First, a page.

Fugitives had already reached Philippeville on the 19th, and they were equally incapable of resistance, so Bonaparte hurried that same day toward Laon. What is truly revealing is that in Laon, most likely on the morning of the 21st, thus around 60 hours after the end of the battle and ninety miles from the battlefield, Bonaparte received a report that a considerable body of troops was approaching. He sent his adjutant to see who it was, and it was his brother Jerome with the generals Soult, Morand, Colbert, Petit, and Poret de Morvan, who were arriving with around 3,000 infantrymen and cavalrymen they had gathered together. Regardless of how much respect one may have for the French army, this can only be called complete dissolution, a flight without equal.
It was Jerome, however, who had been designated by Bonaparte to collect the army at Avesnes, and of whom Bonaparte said in his Memoirs that he had already assembled 25,000 men there on the 21st. Bonaparte also has Jerome bringing 50 cannon back with him, but it is well known that all of the 240 guns comprising the French artillery had been captured either on the battlefield or during the retreat.
As the pursuing Prussian corps advanced beyond the Oise down the road from Soissons to Paris, they encountered Grouchy on the 28th. For several days a few weak remnants of the defeated army had flitted past them like shadows, so it is certain that there was no organized body of 25,000 men assembled in either Laon or Soissons, and that those troops who were there did not unite with Grouchy but fled to Paris before he arrived. Grouchy himself speaks in his reports to the government commission about the low morale and disaffection of the army.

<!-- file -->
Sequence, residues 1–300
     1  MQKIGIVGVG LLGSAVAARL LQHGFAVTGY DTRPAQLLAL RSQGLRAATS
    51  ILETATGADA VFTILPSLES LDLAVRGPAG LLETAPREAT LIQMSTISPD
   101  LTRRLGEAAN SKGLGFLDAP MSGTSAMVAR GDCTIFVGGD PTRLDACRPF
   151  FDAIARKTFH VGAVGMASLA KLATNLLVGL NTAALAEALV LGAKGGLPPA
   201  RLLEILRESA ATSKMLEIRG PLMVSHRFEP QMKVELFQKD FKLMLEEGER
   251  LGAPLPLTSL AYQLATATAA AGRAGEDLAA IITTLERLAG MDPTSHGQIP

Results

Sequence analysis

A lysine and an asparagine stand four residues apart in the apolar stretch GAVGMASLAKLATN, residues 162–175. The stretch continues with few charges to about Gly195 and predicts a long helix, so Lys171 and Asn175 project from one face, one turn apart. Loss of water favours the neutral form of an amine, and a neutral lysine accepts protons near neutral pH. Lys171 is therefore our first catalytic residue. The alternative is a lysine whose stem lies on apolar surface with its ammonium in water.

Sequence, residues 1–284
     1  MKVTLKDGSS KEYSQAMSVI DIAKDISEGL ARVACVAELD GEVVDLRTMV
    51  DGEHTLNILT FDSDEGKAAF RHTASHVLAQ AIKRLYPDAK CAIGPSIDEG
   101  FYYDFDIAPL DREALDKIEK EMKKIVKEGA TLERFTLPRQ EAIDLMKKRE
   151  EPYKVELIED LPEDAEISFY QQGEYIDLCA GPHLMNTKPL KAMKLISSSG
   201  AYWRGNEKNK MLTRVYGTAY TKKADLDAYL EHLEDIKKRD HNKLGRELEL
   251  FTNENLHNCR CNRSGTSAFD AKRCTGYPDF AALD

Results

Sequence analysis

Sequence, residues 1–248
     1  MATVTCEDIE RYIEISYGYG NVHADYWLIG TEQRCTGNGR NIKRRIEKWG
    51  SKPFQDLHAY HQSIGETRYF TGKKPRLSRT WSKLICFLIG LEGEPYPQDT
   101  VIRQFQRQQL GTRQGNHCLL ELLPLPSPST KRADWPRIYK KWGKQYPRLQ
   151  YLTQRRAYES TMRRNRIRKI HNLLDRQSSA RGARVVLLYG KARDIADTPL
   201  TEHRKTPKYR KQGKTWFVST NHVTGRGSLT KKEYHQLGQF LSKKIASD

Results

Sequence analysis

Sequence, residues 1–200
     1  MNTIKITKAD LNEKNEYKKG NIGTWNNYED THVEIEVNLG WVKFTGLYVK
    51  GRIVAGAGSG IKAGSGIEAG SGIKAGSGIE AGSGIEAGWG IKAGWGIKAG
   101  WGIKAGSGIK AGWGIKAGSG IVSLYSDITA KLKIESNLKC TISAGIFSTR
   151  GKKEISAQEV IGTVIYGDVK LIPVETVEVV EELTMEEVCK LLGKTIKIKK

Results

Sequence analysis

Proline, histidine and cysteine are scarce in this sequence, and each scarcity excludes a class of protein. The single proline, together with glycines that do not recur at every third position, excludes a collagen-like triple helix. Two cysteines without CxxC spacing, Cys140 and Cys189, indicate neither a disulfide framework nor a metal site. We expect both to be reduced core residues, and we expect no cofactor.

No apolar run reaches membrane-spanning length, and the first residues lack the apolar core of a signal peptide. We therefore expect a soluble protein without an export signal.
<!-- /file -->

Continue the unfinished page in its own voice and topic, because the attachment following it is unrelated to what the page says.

The strength of the army at Paris also proves this. Not counting the National Guard, this army had 60,000 men, of whom 19,000 had come from the depots, so only 40,000 could have been from the main army and of these, around 25,000 had come with Grouchy, so the remaining 15,000 must have been the residue of the army that had been defeated at Belle Alliance. It is thus clear that between the battlefield and Paris this army had disappeared as a factor in the course of events.
Strategically, a victory of this scale has to be regarded as in a class by itself, deriving from exceptional circumstances and leading to results of a most exceptional kind. As for the causes that led to it, they are mainly as follows:
1. The extreme effort that the French army had already made by the time the victory was decided. The more exhausted the forces are before the decisive blow in a battle occurs, the more effective and consequential this blow will be. In this case, as we have already said, the exhaustion of French forces had been taken to the limit, if not beyond it, because Bonaparte had recklessly thrown his last reserves, which should have been his rear guard, into the destruction of the firefight, as he had already done with the entire cavalry. The use of the last reserves can be forgiven, or can even be quite natural, in a battle whose outcome remains in the balance until the last moment; but not when the scales have already tipped so heavily in favor of the opponent. In that case [such a move] can only be regarded as contemptible foolhardiness, lacking the wisdom of the true commander.
2. Nightfall, which made it impossible to control the increasing chaos.
3. The outflanking form of the Prussian attack.
4. The great numerical superiority of the Allies.
5. The very energetic pursuit.
6. Finally, the influence of all the political elements, which more or less permeate every war, but which naturally imposed themselves even more strongly in this one and proved to be liabilities of the worst kind.
The less the preparations for a decisive event are firmly grounded in the natural conditions and interests of the people, and the more they are artificially inflated, based on luck, and undertaken in the spirit of bold risk-taking, the more destructive will be the impact of an unfavorable outcome that releases all these tensions.
All of these circumstances have contributed to the magnitude of the victory in the present case, and we are only justified in setting our sights so high when several of them are in our favor.